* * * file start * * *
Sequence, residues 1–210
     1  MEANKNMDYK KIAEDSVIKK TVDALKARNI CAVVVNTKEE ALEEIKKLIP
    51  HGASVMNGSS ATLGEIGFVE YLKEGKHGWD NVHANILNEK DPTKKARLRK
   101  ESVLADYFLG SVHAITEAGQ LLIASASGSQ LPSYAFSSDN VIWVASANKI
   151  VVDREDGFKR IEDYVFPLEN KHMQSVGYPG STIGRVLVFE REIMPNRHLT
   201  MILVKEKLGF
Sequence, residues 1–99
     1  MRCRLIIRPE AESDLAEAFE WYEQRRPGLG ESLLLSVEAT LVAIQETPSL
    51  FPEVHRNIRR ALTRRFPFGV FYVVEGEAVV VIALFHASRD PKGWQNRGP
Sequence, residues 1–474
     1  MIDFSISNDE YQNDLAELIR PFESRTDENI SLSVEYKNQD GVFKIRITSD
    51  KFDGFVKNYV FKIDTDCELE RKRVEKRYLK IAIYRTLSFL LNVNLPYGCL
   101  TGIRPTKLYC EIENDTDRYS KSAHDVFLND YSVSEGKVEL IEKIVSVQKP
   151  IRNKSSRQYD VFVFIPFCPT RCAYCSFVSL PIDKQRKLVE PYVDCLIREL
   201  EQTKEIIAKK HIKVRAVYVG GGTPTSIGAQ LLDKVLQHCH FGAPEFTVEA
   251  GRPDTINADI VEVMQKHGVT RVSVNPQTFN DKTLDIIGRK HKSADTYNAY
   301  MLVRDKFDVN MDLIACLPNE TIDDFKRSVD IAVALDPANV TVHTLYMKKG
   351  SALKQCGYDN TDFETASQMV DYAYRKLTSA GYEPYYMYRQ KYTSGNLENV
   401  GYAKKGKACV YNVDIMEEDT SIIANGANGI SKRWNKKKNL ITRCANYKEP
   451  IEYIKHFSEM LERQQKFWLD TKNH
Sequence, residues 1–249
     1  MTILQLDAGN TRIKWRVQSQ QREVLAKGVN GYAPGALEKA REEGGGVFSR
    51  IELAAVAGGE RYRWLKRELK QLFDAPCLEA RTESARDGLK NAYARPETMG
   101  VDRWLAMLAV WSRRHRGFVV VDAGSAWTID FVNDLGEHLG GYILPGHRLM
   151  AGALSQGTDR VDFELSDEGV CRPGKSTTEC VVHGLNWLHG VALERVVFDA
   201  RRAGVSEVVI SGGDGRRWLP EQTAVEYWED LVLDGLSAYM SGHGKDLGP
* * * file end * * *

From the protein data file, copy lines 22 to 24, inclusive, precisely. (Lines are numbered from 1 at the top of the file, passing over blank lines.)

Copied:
     1  MTILQLDAGN TRIKWRVQSQ QREVLAKGVN GYAPGALEKA REEGGGVFSR
    51  IELAAVAGGE RYRWLKRELK QLFDAPCLEA RTESARDGLK NAYARPETMG
   101  VDRWLAMLAV WSRRHRGFVV VDAGSAWTID FVNDLGEHLG GYILPGHRLM